We all build on the accomplishments of those who proceed us. However, it is indeed a dull student who leaves the classroom with nothing more than what he was taught by his teachers, even with dedicated and capable teachers. The greatest joy of teaching is to see pupils develop beyond what you could transmit to them. In essence, you go to school to learn how to learn. How might President Obama pass that thought back to Harvard?
Finally, no road to success is a straight path. Winning also includes some failing. Most successful businessmen have failed more often than they have succeeded. When the marketplace changes, or ideas fail, it is sometimes necessary to terminate the employment of some so that others may continue. This is seldom done in spite, because you lose the skills of those workers along with their good will (and that of the survivors).
Nevertheless, in the time of need, each business must concentrate on what it does best, referred to as its "Core Competencies". If you don't need to do something yourself, you stop doing it, or have someone else do it for you. Sometimes that's called "outsourcing." Business decisions like this directly benefited the 70,000 GM employees and the 300,000 employees retained by Hewlett Packard.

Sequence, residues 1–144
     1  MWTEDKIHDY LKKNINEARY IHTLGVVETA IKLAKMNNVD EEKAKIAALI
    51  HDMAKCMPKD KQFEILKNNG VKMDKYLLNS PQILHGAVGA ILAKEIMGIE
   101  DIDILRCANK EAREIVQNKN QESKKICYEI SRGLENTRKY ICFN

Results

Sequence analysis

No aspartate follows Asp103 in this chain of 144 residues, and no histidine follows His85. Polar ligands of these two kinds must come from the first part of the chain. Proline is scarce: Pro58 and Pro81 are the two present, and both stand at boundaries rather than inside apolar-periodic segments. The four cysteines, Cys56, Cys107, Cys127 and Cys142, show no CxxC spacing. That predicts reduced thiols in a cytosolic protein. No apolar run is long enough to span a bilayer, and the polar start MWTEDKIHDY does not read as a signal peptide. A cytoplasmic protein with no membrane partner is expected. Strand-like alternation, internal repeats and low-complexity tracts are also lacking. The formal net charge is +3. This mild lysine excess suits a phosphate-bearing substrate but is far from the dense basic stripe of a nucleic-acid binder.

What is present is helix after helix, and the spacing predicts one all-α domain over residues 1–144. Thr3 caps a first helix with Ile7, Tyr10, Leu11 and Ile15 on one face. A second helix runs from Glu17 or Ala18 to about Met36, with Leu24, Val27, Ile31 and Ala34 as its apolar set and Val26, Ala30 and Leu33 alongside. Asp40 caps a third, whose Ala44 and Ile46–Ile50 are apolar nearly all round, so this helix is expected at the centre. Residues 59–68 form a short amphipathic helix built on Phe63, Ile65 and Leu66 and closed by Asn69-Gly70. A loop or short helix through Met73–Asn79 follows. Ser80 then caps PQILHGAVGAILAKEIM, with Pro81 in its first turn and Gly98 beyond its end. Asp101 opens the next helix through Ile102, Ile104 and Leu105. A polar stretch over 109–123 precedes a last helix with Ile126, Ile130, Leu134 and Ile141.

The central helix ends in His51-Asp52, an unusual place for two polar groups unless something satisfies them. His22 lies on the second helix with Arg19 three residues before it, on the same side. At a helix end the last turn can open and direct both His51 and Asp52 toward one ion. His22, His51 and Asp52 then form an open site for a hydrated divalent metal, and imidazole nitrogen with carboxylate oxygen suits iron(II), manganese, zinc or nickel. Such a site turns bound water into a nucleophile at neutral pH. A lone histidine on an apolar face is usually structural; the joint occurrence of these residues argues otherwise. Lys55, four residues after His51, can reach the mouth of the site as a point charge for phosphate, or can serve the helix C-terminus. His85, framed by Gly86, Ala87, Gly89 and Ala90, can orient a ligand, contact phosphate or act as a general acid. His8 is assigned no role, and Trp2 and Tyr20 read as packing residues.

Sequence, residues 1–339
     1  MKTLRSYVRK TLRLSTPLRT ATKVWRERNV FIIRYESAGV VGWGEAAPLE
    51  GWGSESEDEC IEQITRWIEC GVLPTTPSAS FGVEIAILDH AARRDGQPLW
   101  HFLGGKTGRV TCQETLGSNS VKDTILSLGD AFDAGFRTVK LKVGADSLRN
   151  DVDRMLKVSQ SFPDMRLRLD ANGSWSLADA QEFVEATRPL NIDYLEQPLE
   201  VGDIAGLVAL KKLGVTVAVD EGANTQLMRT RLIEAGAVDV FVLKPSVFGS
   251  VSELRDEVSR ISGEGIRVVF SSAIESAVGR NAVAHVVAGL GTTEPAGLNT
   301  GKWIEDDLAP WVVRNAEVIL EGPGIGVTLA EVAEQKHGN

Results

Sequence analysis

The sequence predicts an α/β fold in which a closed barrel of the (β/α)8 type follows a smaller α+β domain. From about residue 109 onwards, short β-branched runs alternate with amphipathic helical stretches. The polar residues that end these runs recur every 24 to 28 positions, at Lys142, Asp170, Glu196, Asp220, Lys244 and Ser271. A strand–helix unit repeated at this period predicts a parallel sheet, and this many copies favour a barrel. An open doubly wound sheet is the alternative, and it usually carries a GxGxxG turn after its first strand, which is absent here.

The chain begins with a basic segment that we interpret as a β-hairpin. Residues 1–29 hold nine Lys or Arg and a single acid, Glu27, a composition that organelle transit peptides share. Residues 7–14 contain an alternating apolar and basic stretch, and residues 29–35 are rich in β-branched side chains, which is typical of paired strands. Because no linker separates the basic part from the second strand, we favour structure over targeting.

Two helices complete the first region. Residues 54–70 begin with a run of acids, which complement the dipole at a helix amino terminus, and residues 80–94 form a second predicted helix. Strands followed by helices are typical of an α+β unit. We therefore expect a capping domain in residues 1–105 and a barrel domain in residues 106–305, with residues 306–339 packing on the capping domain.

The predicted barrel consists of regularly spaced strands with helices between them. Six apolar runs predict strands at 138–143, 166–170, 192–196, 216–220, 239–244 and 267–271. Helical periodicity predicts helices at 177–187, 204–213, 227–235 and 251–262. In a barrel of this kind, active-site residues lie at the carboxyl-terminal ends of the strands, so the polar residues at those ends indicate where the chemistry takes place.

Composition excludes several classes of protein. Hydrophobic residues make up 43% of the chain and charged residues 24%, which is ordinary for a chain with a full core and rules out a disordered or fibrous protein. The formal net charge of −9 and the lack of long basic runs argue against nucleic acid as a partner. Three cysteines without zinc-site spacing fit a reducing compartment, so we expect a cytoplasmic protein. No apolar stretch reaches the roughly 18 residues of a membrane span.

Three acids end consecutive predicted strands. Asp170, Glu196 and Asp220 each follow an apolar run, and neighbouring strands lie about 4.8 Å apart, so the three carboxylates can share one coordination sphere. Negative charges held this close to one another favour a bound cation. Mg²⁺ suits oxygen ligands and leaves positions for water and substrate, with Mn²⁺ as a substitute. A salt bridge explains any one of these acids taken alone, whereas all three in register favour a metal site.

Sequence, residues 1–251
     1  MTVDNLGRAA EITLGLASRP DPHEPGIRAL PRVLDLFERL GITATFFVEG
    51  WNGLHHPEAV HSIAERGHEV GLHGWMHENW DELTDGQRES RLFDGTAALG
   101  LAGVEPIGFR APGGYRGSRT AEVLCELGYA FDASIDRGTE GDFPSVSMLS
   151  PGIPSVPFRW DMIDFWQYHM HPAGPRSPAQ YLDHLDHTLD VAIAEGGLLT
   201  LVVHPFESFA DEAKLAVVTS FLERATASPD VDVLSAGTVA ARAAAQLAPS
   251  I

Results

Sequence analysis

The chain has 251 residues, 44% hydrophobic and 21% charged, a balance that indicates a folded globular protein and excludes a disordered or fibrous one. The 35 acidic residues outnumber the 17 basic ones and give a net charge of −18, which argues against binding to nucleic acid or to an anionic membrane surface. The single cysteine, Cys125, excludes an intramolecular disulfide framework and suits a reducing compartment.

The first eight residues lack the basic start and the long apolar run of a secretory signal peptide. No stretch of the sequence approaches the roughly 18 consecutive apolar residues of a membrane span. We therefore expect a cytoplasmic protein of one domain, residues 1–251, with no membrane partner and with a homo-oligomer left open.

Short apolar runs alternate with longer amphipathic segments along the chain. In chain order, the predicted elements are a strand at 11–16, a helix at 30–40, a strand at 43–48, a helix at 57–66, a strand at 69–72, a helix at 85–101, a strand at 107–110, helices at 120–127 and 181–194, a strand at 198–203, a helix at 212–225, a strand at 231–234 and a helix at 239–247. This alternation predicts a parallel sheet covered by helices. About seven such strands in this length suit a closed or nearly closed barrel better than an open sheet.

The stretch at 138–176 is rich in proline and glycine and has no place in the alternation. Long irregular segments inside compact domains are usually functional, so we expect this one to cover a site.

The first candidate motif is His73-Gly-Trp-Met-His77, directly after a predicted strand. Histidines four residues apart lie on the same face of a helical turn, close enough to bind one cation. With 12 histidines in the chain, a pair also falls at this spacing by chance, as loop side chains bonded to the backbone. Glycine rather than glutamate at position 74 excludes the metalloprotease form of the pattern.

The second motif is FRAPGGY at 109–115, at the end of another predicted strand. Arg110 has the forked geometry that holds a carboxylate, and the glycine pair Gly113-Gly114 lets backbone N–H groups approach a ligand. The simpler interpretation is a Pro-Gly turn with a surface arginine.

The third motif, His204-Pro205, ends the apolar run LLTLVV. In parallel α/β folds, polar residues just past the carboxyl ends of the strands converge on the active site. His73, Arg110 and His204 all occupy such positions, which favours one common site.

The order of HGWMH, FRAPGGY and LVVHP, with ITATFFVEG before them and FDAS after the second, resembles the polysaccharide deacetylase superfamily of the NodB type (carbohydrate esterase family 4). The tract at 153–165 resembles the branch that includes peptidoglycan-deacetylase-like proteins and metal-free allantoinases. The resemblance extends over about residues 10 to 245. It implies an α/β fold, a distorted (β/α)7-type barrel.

For example, General Motors is great at designing cars, building engines and transmissions, stamping sheet metal and assembling the pieces into automobiles. Yet they buy as much as 60% of the content of a vehicle from other countries. Roughly 70% of GM vehicles are made and sold in China. If GM weren't doing that, someone else would gladly step up. Hewlett Packard buys hard drives from Thailand (along with everybody else) because they can't afford to make them and remain competitive.
HP contracts with a Bain Capital client to provide call-in customer service because it's good business to take care of your customers, often at great expense with little measurable benefit. At the same time, HP offers Asian outsourcing services in IT to other companies.
A clear line has been drawn as the November elections draw near. President Obama and Democrats believe that business can't survive on its own without society, which is defined as government, and that this nation will rise and fall on how well businesses and government can work together.
Contrast this with the view of Governor Romney and Republicans who believe that private business is at the core of a successful America, as exemplified by the late Steve Jobs at building Apple from the ground up and Ray Kroc with the success of McDonald's.
A rough and tumble battle is now being fought in anticipation of the November elections. If this country has any chance of remaining a proud, self-reliant, prosperous and vibrant nation where the liberty and freedom we have experienced can be passed along to future generations of Americans, may we all hope that free enterprise, which represents the American can-do spirit, will be the victor in November.
Nancy Thorner is from Lake Forest and Edward Ingold is from Mundelein -